Advantage of DDD approach to problem

If you read my last post, I explain how I solved a really stupid problem of managing a Traffic Light using OOP principles and the concept of Domain Events, now I want to emphasize some of the advantages you have using this approach.

One benefit is in unit testing, suppose you want to test that a traffic light in red state does not cancel the request of another Traffic Light that want to become green.

[Fact]

public void verify_that_a_red_traffic_light_permits_other_to_become_green()

{

    TrafficLight.TrafficLight sut = TrafficLightFactory

        .WithStatus(LightColor.Red.State())

        .Create();

    MayITurnGreen msg = new MayITurnGreen();

    sut.MayITurnGreen(msg);

    _domainEvent.Should().Be.Null();

    msg.Cancelled.Should().Be.False();

}

This test is really simple, thanks to a simple factory, I’m able to create a traffic light in red state, then create a MayITurnGreen message and pass to the MayITurnGreen() method of TrafficLight. The test is really simple, but I want to emphasize the assertions.

I’m inheriting this test class from a base test class that register itself for Domain Events and the last event is always stored in the _domainEvent field of the test class. This permits to assert not only that msg.Cancelled is false (when a Traffic Light is in red status it should not prevent other Traffic Light to become green), but I’m able to assert also that no Domain Event were raised during this request.

This kind of testing is really important, because since Domain Events capture important events occurred in the past, being able to assert on them means that you are able to assert on every important event that happened to the domain during the test (this is really powerful). Let’s see another test

[Fact]

public void verify_that_a_green_traffic_light_after_ten_seconds_prohibit_to_become_green_but_becomes_yellow()

{

    TrafficLight.TrafficLight sut = TrafficLightFactory

        .WithStatus(LightColor.Green.State())

        .Create();

    MayITurnGreen msg = new MayITurnGreen();

    AddSecondsToTestTime(15);

     sut.MayITurnGreen(msg);

    _domainEvent.NewStatus.Should().Be.EqualTo(LightColor.YellowFixed);

    msg.Cancelled.Should().Be.True();

}

As you can see this test verify that, when 15 seconds are passed (this test is based on green time of 10 seconds) and someone ask to a Traffic Light in Green Status if it can become Green, it answers NO(cancelled == true), but also it become YellowFixed because 10 seconds are passed and it can become red to permit other Traffic Light to become green after yellow time will pass.

As you can see, the OOP and DDD approach can even simplify your tests.

Gian Maria.

Unit testing floating point numbers

Testing for equality Floating point numbers is usually a bad idea, this because rounding occurs with floating point operations and you need to test with a tolerance. Suppose you test that some algorithm produces the expected result and you find that unit test fails with this message.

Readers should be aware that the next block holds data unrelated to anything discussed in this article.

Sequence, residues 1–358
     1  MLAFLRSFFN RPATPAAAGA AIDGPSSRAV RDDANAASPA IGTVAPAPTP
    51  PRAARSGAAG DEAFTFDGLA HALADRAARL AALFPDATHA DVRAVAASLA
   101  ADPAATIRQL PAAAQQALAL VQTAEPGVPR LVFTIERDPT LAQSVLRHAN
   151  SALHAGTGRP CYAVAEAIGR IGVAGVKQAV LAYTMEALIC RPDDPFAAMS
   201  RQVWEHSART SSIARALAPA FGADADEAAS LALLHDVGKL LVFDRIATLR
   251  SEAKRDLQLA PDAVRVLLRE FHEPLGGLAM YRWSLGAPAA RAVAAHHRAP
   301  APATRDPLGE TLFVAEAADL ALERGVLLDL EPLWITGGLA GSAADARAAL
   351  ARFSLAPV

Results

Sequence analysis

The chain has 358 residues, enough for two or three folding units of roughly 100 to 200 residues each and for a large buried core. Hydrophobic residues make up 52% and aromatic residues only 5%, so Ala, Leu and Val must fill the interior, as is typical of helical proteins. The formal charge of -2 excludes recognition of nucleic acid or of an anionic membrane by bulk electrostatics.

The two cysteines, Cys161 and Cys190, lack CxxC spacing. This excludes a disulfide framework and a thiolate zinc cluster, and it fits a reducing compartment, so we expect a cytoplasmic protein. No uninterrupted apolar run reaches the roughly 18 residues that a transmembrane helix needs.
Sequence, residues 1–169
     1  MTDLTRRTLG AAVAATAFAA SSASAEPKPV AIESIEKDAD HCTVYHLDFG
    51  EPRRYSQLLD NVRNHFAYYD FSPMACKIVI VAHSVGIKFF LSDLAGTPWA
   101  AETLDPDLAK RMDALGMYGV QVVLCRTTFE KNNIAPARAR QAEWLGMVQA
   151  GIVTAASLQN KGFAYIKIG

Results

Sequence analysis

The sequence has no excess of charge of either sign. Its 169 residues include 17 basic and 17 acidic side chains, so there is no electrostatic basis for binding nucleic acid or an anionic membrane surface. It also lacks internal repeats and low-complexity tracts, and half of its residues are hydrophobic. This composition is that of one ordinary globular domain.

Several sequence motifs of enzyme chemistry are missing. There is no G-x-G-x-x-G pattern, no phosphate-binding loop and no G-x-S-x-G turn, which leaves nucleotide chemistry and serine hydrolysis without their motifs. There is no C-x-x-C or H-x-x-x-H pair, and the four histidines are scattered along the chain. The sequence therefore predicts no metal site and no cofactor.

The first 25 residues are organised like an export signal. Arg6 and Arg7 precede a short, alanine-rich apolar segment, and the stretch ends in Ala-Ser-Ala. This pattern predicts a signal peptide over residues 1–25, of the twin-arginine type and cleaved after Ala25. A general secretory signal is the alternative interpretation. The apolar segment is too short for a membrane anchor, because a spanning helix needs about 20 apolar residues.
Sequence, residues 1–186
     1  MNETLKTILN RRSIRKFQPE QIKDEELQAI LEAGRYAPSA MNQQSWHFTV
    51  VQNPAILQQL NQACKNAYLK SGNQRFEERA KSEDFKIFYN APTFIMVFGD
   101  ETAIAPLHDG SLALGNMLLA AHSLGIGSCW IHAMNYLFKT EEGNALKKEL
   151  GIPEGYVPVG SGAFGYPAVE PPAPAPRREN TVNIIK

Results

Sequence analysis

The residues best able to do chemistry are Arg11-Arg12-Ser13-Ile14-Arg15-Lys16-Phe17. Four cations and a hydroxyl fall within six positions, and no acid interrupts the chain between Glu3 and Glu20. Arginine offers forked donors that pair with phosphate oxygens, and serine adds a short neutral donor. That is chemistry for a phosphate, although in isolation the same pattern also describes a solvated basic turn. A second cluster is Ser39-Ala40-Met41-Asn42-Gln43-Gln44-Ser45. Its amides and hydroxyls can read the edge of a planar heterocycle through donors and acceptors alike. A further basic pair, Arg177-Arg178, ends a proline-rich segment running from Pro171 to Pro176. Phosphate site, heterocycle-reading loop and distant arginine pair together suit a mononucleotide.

SharpTestsEx.AssertException : 2.36 Should Be Equal To 2.36.

This seems strange, but the problem is that the real value is 2.360000000003 that surely is different from 2.36. Now you have two different scenario, the first one is the test is wrong because I want to verify that the two numbers are really equals. With floating point calculation this cannot be achieved, you can use numbers with high precision, but doing operations with any floating point numbers lead to rounding, and you should never test for equality two floating point numbers.

A second and better scenario is when you the test is expressed with a tolerance, so you can write this assertion.

   1: result.Should().Be.EqualTo(expectedresult, 0.00001)

This is a better assertion, I’m asking if the result is different from the expected value with a 0.00001 tolerance. This is possible with a simple extension of SharpTestEx.

   1: public static IComparableBeConstraints<Double> EqualTo(

   2:    this IComparableBeConstraints<Double> constraint,

   3:      Double expected, 

   4:      Double tolerance)

   5:  {

   6:      constraint.AssertionInfo.AssertUsing<Double>(

   7:          new Assertion<Double, IComparable>(

   8:              "Equal to", expected, a => Math.Abs(a - expected) <= tolerance));

   9:      return constraint;

  10:  }

Such test is much more interesting and correct, because it states the tolerance that you can suffer before stating that the algorithm is wrong.

Alk.

Test infrastructure

Unit tests must be as clearer as possible, I found that in standard project I’m working, I use nhibernate + stored procedures for massive operations. Most of the tests contains code to preload database, recreate structure or manage transaction, so, lot of time ago I decided to build some infrastructure to make this possible.

image

It makes my test really simple to read. This test use SqlServer, and it needs to be transactional, so every test run inside a Transaction, but I can specify more complex stuff

image 

I can ask to clear the database at each test, I can ask also to execute all the tests with integrity check disabled, and also I’m able to make the test impersonate specific user, belonging to specific role.

I know that spending some time, building an infrastructure for your test can give you great value.

Alk.

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